As the world has become more and more online, with social media, big data, and the Internet of Things (IoT), threats to our privacy are increasing, and consumer activism is increasing with it. Companies who embrace respect for their customers by adopting privacy-by-design, rather than just being compliant with privacy law, will hopefully be rewarded by customer loyalty, and be insulated to some extent from further tightening of privacy laws in future. Note: This article contains the personal views of the author. The author is not representing his employer or any of the organisations with which he is affiliated.

China The People’s Republic of China (PRC) does not currently have a comprehensive privacy law, but has numerous privacy-related laws and regulations. A draft Personal Data Protection Law [9] has been discussed for several years, but there is no indication of if or when it might be passed. Some important recent developments are [10]:

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The Consumer Rights Protection Law (effective 15th March 2014) which contains obligations regarding personal data of consumers.

The Cybersecurity Law (effective 1st June 2015) which includes new privacy protections, and puts further restrictions on trans-border data flows, or Chinese citizens’ data outside of the PRC.

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Ian Christofis ■


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References [1]

[2]

Copyright & Disclaimer

Copyright owned by the author. This article is the views of the author and does not necessarily reflect the opinion of PISA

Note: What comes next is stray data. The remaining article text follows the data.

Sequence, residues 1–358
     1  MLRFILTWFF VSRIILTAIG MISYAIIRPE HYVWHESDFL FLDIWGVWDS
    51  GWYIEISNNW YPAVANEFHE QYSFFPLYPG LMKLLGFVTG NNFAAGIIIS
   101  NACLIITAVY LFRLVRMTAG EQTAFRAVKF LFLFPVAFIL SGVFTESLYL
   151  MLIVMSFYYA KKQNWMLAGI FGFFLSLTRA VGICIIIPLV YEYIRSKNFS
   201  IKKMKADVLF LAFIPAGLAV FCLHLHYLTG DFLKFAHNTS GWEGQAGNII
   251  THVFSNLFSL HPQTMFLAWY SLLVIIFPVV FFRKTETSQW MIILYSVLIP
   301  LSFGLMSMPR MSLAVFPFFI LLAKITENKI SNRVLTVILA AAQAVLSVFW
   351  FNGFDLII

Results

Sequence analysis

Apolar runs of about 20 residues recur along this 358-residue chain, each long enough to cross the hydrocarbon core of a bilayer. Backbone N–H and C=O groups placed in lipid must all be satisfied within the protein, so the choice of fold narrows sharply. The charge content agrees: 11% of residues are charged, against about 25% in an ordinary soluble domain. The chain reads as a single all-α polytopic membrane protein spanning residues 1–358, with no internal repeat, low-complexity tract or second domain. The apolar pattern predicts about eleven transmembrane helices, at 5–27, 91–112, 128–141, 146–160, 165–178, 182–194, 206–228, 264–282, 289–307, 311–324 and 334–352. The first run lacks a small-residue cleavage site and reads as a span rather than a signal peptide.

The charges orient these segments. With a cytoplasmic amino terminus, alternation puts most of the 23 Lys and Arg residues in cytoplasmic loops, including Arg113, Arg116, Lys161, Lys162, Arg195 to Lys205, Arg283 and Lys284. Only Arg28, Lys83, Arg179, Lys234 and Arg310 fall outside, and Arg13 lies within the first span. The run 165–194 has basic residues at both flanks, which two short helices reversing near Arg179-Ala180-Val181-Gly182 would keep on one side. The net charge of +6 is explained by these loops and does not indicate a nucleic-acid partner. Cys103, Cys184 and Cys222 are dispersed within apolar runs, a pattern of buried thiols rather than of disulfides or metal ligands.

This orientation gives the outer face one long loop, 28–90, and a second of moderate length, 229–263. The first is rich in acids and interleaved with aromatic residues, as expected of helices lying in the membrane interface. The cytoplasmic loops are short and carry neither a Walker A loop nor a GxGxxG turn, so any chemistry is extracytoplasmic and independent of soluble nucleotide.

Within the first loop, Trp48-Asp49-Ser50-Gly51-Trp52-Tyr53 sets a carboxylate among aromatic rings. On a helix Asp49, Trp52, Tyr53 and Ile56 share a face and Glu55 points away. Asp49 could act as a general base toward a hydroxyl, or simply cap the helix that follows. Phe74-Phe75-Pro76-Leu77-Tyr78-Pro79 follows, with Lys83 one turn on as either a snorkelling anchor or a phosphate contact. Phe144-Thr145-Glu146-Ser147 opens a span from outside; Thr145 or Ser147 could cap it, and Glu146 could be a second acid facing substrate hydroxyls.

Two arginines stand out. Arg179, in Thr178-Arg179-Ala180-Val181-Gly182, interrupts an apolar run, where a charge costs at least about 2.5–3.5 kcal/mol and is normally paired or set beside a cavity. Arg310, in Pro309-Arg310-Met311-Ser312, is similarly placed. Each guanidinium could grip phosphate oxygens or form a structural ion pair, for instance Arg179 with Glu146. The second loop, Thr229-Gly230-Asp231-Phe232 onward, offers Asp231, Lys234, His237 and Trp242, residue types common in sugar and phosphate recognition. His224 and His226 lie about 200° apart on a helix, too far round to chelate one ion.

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SCMP, “Laptops containing 3.7 million Hong Kong voters’ data stolen after chief executive election”, 28 Mar 2017 (http://www.scmp.com/news/hong-kong/politics/ article/2082566/laptops-containing-37-millionhong-kong-voters-data-stolen) Ian Christofis, “Personal Data Privacy in Hong Kong”, PISA Journal 12, September 2010. (https://www.pisa.org.hk/publication/251-journalissue-12)

[3]

OECD, “OECD Guidelines on the Protection of Privacy and Transborder Flows of Personal Data” (http://www.oecd.org/internet/ieconomy/ oecdguidelinesontheprotectionofprivacyandtransborderflowsofpersonaldata.htm)

[4]

PCPD, “The Ordinance at a Glance” (https://www.pcpd.org.hk/english/ data_privacy_law/ordinance_at_a_Glance/ ordinance.html for an overview and links to the detail)

[5]

PCPD, Data Privacy Law, Amendment 2012 (https://www.pcpd.org.hk/english/ data_privacy_law/amendments_2012/ amendment_2012.html)